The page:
Homeland Security Department
The Secretary of the Homeland Security Department said Thursday that a warning to airlines that terrorists could try to hide explosives in shoes was a routine advisory issued in response to the latest intelligence.
Newly disclosed U.S. government files provide an inside look at the Homeland Security Department’s practice of seizing and searching electronic devices at the border without showing reasonable suspicion of a crime or getting a judge’s approval.
Homeland Security Employee Admits He Revealed Days Before Election Obama’s Aunt Was Living In US Illegally
A Homeland Security Department employee has acknowledged that he disclosed to The Associated Press days before the 2008 election that President Barack Obama’s aunt was living in the U.S. illegally and said he did not reveal the information for political reasons.
The Homeland Security Department tentatively approved asylum requests for nine Mexican immigrants, including some who were living in the United States illegally but left and attempted to re-enter as part of a protest against U.S. deportation policies.
Senate debate on a far-reaching immigration bill is becoming a test of Sen. Marco Rubio’s influence over fellow Republicans as the Florida conservative works to sell GOP lawmakers on landmark legislation that also may help determine the fate of his presidential ambitions.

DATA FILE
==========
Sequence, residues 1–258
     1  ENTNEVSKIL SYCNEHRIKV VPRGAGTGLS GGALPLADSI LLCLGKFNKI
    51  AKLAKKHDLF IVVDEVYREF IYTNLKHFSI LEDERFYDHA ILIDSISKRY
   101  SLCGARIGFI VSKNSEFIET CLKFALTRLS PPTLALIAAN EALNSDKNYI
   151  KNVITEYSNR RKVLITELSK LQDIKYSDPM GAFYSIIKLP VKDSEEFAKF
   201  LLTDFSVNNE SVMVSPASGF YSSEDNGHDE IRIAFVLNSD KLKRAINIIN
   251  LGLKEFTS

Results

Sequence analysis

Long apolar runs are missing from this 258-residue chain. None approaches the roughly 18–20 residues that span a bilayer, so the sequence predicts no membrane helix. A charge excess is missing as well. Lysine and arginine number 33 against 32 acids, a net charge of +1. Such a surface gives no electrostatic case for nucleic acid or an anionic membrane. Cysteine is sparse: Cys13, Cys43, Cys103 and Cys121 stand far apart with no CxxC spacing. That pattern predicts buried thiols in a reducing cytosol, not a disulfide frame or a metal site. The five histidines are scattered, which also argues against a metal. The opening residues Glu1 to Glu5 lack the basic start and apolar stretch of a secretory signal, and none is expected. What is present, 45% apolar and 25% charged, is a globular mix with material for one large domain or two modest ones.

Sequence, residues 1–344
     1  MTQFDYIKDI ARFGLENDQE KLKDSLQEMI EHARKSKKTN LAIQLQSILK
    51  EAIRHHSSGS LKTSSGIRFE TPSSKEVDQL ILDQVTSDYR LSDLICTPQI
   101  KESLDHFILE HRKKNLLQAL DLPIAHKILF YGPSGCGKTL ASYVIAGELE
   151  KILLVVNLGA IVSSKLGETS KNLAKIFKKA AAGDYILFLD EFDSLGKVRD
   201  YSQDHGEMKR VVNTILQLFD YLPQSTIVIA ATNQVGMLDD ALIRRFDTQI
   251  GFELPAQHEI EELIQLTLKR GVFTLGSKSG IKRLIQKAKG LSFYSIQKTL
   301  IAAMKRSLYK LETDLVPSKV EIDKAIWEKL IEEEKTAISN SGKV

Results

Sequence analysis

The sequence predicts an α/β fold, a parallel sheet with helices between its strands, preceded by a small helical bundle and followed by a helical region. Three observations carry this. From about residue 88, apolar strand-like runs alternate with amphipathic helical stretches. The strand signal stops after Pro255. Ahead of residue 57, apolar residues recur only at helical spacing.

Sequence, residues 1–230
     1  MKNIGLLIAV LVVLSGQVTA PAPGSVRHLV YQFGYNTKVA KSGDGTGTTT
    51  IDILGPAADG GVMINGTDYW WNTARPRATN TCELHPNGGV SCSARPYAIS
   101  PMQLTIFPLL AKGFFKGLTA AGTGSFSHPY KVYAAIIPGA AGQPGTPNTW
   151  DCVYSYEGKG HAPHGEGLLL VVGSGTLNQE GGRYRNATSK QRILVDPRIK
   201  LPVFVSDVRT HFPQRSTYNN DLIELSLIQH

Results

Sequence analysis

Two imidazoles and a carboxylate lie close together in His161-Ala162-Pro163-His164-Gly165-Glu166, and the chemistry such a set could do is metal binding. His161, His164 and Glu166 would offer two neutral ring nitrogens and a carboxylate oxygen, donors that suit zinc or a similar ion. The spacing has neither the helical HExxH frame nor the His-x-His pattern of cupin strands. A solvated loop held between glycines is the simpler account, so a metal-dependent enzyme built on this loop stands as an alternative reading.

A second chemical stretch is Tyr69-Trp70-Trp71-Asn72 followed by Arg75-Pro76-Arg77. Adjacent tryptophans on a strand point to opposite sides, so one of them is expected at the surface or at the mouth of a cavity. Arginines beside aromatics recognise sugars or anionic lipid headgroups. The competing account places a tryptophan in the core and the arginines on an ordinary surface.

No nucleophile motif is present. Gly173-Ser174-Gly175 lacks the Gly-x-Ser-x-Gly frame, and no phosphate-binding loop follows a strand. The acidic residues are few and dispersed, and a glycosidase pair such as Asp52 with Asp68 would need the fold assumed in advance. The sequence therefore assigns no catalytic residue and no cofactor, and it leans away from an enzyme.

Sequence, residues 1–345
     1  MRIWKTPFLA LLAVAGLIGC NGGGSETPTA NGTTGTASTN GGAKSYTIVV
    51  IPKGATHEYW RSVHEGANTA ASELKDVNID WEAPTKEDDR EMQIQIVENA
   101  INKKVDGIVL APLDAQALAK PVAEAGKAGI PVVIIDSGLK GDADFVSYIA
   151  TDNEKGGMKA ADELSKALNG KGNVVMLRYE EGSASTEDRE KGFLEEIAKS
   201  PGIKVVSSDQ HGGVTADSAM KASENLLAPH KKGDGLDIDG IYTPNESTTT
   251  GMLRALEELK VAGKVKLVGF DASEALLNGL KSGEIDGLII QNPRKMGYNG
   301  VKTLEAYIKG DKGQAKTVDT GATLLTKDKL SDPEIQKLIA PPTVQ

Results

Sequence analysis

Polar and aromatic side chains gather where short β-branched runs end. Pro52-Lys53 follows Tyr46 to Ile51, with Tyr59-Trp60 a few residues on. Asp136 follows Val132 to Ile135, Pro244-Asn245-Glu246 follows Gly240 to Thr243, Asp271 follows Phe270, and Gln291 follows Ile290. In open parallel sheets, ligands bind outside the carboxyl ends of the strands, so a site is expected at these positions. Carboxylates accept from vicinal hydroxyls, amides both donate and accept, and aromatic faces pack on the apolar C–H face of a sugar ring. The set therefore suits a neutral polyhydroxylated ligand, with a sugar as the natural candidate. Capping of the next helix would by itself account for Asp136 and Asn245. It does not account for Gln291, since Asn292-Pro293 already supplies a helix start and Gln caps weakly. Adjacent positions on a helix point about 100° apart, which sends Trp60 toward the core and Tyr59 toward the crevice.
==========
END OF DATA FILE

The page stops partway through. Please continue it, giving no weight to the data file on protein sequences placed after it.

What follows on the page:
The Homeland Security Department released from its jails more than 2,000 illegal immigrants facing deportation in recent weeks due to looming budget cuts and planned to release 3,000 more during March, The Associated Press has learned.
Emails between Sen. Robert Menendez’s office and the Homeland Security Department describe efforts by his staff in January to thwart U.S. donations of cargo-screening equipment to the government of the Dominican Republic. Donated equipment could have jeopardized a port security contract benefiting a close Menendez associate and fundraiser.
The Obama administration’s new plan to grant temporary work permits to many young, illegal immigrants who otherwise could be deported may cost the government more than $585 million and require hiring hundreds of new federal employees to process more than 1 million anticipated requests, according to internal documents obtained by The Associated Press.